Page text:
Family Settlements and tax planning

S. Bagchi Advocate

Family Settlements and tax planning

S. Bagchi Advocate

The author deals with the ever – popular topic of tax planning in the context of family arrangements. He warns that while in a genuine settlement, tax avoidance comes merely as a providential or fortuitous side effect, if one targets family settlement as a tax saving device that may cast a cloud on the bona fides of the whole transaction and may be regarded as a subterfuge to hoodwink the revenue.

Tax Planning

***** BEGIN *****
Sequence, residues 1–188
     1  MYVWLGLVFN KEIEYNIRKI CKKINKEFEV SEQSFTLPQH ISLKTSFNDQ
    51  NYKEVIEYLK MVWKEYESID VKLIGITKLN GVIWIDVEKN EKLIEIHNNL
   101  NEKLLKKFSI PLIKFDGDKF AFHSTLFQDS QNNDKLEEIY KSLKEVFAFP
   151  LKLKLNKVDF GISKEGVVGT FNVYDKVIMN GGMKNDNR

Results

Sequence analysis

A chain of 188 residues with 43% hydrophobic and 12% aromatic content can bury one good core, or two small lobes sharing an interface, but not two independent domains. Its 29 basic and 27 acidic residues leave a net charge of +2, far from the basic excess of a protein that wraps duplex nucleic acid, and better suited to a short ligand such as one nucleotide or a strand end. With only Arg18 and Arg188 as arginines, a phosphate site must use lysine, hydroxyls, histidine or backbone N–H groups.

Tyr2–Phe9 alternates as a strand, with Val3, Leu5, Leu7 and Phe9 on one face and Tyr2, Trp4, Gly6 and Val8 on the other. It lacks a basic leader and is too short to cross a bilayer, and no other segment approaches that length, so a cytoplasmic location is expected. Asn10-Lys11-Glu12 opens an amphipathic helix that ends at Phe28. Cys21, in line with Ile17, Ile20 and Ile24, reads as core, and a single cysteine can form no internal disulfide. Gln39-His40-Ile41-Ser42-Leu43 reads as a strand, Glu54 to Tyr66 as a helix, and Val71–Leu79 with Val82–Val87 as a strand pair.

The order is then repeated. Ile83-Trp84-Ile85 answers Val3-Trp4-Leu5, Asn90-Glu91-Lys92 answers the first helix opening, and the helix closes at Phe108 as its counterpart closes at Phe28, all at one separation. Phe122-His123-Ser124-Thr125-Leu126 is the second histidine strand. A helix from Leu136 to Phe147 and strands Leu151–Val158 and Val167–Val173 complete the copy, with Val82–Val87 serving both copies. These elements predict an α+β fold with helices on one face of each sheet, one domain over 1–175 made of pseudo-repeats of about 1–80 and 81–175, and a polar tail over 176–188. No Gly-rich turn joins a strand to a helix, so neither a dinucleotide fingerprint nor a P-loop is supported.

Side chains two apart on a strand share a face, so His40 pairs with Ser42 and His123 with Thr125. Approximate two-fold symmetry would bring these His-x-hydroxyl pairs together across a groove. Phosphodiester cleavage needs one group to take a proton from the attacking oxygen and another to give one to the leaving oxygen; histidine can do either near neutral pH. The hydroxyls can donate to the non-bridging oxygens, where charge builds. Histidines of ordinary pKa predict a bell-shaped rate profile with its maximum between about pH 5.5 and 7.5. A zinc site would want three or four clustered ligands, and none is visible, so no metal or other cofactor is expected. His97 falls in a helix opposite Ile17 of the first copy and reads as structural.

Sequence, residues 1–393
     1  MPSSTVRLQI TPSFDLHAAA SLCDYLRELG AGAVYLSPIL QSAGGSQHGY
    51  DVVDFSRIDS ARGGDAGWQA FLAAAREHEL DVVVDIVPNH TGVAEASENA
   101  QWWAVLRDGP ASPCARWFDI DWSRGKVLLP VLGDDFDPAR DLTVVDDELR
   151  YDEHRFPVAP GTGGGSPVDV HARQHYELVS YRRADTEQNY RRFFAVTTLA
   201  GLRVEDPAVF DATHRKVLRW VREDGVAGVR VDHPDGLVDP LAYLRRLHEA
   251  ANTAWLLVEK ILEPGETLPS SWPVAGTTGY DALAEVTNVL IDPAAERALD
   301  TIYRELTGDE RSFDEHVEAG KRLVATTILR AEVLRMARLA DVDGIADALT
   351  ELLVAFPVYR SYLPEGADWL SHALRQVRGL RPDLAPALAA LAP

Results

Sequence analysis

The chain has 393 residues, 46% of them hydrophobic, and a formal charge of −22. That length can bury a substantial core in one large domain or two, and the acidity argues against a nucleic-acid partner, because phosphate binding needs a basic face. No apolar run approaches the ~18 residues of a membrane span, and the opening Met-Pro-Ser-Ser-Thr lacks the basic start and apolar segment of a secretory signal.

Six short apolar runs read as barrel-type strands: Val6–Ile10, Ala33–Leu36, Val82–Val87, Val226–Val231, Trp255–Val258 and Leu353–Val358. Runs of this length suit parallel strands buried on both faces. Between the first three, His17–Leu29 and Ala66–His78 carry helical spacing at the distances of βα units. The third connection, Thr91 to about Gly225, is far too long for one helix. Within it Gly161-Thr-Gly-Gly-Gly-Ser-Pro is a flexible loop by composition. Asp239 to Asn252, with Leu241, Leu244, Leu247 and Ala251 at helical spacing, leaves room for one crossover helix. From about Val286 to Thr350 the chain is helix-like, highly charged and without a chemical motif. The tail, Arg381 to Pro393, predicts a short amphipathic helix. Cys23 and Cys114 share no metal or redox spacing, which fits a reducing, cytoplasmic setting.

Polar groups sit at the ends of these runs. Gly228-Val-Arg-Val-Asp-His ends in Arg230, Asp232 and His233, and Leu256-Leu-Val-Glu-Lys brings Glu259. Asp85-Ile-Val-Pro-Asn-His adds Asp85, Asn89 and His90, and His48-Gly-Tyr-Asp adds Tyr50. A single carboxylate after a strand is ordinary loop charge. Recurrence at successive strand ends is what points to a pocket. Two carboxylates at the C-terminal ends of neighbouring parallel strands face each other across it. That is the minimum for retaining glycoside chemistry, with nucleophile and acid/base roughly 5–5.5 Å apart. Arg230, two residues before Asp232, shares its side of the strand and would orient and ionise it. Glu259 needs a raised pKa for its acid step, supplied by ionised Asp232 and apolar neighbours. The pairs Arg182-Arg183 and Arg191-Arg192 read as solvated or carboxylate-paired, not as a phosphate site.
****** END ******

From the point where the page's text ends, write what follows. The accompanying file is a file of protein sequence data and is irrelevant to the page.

Tax planning as a concept had at a point of time suffered degradation and for a while seemed to be a euphemism for tax evasion. This was the fall­out of some observations in McDowell’s case, [154 ITR 148 (SC)] especially in the separate opinion of Justice Chinnappa Reddy. But the libel did not stay too long. Sabyasachi Mukherjee, Justice of the Supreme Court salvaged its respectability by observing tax avoidance by genuine transactions is not evil. It is any subterfuge or simulation of a transaction or rather a hoax of a make-believe transaction which is despicable and cannot be countenanced. In Playworld Electronics, he observed [184 ITR 308 (SC)] : “It is true that tax planning may be legitimate provided it is within the framework of the law. Colourable devices cannot be part of tax planning and it is wrong to encourage or entertain the belief that it is honourable to avoid the payment of tax by dubious methods. It is the obligation of every citizen to pay the taxes honestly without resorting to subterfuges. It is also true that, in order to create an atmosphere of tax compliance, taxes must be reasonably collected and when collected, should be utilised for proper expenditure and not wasted. (See the observations in CWT vs. Arvind Narottam (1988) 173 ITR 479 (SC), it is not necessary, in the facts of this case, to notice the change in the trend of judicial approach in English (Sherdeley vs. Sherdeley (1987) 2 All ER 54 (HL). While it is true, as observed by Chinnappa Reddy J., in McDowell and Co. Ltd. vs. CTO (1985) 154 ITR 148 (SC) that it would be too much to expect the Legislature to intervene and take care of every device and scheme to avoid taxation and it is up to the court sometimes to take stock to determine the nature of the new and sophisticated legal devices to avoid tax and to expose the device for what they really are and to refuse to give judicial benediction, it is necessary to remember, as observed by Lord Reid in Greenberg vs. IRC (1971) 47 TC 240 (HL), that one must find out the true nature of the transaction, it is unsafe to make bad laws out of hard facts and one should avoid subverting the rule of law”.